Different Monsters: Mass vs. Spree vs. Serial

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Status: Finished  |  Genre: Non-Fiction  |  House: Booksie Classic
A brief article defining the difference between the different types of murderers.

Submitted: February 12, 2019

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Submitted: February 12, 2019



There are a lot of terms out there…some are psychological, some are legal, and others are purely laymen’s words to describe this big subject known as “murder.”So let me take a moment to break down some of the major categories:

“Serial Killer” – Believe it or not, this is a pretty specific term with fairly narrow criteria.  This is an individual who murders three or more persons (usually with the motive of gratifying an abnormal psychological urge) with a period of cooling off between the killings.  Both the first and second point are important here.While there may be more than three victims in a given crime, if there is no cooling off period between the murders, the perpetrator would not be labeled a serial killer (e.g. a school shooting).  Additionally, the count must be three or greater.  So, if a budding Jeffrey Dahmer is caught after killing one person in September, and another in December, he isn’t yet a serial killer.  Notably, the term “serial killer” is something that was coined by law enforcement agencies. Some attribute the first use of it to Robert Ressler, a long-time FBI profiler.  It is not a psychological diagnosis or “illness,” as serial killers vary in their psychological make-ups and motives.


“Mass Murderer” – This term is used to define a perpetrator who kills a number of people simultaneously over a short period of time. There is no cooling off period, and the location is typically restricted.  Thus, school shooters Eric Harris and Dylan Klebold would fall into this category.  Their body-count was greater than three, the time period was very short, and the location was restricted to the school and immediate vicinity.  This term is also law enforcement generated – not a psychological diagnosis.  However, mass murderers seem to vary a bit less in their psychological make-up than serial killers do. Their motives seem to be primarily revenge and power and they’re fueled by rage.  Yet, there is usually some simmering self-hatred going on there too, as many types of mass murderers (school shooters, family annihilators, etc) are notorious for committing suicide prior to capture (with the notable exception of cult leaders or war criminals, who would also qualify as “Mass Murderers” – of the more narcissistic variety, of course).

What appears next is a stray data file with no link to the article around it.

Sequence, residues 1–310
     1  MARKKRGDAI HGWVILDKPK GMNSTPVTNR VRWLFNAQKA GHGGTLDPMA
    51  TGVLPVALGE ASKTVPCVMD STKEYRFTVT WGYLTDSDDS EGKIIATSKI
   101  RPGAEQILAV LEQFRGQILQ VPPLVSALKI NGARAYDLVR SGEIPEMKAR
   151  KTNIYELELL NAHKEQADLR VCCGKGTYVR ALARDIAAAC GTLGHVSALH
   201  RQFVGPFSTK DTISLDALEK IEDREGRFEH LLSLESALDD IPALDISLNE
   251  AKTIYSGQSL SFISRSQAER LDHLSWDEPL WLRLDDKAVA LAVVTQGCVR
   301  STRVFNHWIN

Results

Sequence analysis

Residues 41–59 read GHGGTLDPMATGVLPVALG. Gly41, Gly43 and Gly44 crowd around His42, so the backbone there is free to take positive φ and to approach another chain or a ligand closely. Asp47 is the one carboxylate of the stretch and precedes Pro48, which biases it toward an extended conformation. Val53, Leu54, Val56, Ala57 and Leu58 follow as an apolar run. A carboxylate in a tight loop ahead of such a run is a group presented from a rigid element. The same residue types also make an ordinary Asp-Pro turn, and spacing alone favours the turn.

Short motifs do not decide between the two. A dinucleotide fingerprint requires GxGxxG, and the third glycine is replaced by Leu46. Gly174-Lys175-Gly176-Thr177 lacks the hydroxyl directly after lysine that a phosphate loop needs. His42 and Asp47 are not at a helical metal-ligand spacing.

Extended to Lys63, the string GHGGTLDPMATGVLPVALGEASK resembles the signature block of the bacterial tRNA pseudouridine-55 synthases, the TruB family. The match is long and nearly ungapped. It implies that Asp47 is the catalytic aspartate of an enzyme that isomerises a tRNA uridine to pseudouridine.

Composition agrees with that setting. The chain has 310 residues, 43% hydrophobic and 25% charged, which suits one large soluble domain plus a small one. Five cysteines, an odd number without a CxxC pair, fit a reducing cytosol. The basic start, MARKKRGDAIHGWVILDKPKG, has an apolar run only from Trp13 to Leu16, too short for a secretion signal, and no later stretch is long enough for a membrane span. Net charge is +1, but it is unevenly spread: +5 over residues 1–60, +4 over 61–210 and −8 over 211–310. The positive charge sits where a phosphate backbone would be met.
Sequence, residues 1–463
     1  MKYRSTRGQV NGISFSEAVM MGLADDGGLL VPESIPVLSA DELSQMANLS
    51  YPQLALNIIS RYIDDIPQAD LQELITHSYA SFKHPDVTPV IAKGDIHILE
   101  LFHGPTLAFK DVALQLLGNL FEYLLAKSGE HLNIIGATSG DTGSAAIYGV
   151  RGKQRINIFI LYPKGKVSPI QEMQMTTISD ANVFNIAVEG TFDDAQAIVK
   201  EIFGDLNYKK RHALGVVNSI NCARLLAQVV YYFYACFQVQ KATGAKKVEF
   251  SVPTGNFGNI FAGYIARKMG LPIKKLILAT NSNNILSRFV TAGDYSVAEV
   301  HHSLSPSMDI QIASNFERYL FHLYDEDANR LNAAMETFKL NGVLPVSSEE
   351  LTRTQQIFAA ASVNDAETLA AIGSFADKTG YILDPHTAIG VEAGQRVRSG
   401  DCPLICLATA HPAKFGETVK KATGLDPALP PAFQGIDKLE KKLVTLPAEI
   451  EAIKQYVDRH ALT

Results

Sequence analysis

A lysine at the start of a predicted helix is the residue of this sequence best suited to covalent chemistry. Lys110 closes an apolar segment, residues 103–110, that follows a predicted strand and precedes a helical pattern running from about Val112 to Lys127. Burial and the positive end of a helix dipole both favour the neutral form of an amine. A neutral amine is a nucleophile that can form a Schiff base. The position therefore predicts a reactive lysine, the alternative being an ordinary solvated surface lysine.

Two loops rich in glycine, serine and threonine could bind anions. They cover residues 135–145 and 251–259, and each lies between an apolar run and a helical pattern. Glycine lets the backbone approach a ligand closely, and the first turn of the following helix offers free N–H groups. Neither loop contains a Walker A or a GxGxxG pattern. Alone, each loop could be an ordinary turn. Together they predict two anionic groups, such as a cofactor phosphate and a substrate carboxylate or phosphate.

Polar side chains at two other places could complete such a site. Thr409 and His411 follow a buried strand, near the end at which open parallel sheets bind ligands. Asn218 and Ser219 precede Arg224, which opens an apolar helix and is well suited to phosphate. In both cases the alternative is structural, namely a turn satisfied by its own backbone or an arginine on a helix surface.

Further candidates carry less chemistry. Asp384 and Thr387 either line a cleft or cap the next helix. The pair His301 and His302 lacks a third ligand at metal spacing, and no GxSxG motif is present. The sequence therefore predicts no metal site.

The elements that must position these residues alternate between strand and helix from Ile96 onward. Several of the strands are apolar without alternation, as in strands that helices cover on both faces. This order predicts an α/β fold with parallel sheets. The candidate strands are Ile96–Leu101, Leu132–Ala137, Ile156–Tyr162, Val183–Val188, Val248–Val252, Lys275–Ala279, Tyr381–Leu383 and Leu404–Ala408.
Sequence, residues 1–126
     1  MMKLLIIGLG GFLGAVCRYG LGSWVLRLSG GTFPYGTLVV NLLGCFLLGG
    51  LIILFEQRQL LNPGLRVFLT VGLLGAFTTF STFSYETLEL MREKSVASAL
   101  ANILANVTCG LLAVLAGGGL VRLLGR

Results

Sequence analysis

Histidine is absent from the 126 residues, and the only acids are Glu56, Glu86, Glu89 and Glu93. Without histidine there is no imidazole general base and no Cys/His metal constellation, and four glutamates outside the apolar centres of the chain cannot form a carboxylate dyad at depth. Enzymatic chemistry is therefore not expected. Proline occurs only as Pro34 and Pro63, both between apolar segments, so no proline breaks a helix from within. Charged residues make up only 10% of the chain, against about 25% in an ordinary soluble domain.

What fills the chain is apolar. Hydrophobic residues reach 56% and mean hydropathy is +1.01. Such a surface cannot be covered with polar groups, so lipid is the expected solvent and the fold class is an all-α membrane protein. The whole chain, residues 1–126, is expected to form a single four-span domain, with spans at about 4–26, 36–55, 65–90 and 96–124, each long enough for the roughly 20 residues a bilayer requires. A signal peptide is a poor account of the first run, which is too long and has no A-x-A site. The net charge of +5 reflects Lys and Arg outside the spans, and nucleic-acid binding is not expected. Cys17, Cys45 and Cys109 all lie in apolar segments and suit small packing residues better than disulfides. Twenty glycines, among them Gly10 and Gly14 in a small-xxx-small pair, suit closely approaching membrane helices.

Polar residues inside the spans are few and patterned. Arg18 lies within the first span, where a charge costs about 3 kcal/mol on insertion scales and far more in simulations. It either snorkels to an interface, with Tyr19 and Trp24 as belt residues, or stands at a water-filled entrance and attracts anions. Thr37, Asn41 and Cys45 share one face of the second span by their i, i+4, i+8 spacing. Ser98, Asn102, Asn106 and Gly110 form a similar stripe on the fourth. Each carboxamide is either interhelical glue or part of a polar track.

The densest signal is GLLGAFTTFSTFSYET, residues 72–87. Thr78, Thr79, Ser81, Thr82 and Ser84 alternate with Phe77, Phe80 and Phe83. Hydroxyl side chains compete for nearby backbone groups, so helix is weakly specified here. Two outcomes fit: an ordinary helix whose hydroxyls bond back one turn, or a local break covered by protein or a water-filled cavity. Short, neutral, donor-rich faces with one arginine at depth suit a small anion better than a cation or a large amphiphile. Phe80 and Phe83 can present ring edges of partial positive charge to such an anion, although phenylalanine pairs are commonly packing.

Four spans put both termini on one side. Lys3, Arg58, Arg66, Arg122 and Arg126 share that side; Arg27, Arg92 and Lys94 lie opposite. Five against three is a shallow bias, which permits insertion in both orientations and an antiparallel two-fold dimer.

(FILES) James Holmes appears in court at the Arapahoe County Justice Center in this July 23, 2012 file photo in Centennial, Colorado. Holmes, 24, is accused of shooting dead 12 people and wounding 58 others at a cinema Friday in Aurora, outside Denver, as young moviegoers packed the midnight screening of the latest Batman film, [James Holmes]

“Spree Killer” – This term is reserved for defining perpetrators who kill a number of people (two or more) within a short time-frame in multiple locations.  For example, a team of bank robbers who hit five banks and kill four people in one month would qualify as spree killers.  In America, one of the most notorious spree killer duos was Caril Ann Fugate and Charles Starkweather. They murdered ten people (and two dogs) on a spree extending from Nebraska to Wyoming. The movie “Natural Born Killers” is based upon their relationship and the terror they caused.  Again, the term “Spree Killer” is a law enforcement designation. In psychological terms, spree killers are definitely not ‘one size fits all.’ In fact, this category appears to have the widest variety of murderers in terms of their psychological issues.

hqdefault [Fugate and Starkweather]



One of the reasons I decided to create this post is because I’m often asked, “How do you diagnose a serial killer?”

The answer is:  “I don’t.”

The aforementioned terms aren’t used for diagnosis – they’re simply categories used by law enforcement to help define a set of behaviors.  So, when I walk into a room with a serial killer (or mass murderer or spree killer), I’m thinking less about the person’s law enforcement label, and I’m focusing on the person’s internal motivation. I’m looking for thought/emotion patterns, distortions in cognition/reality-testing, and other markers to assist me in the long process of diagnosing.

My hope is that, by sharing some of my thoughts and experiences, you’ll be able to look more deeply into the darkness too – and realize that not all monsters are created equal.

© Copyright 2019 Clarissa Cole. All rights reserved.

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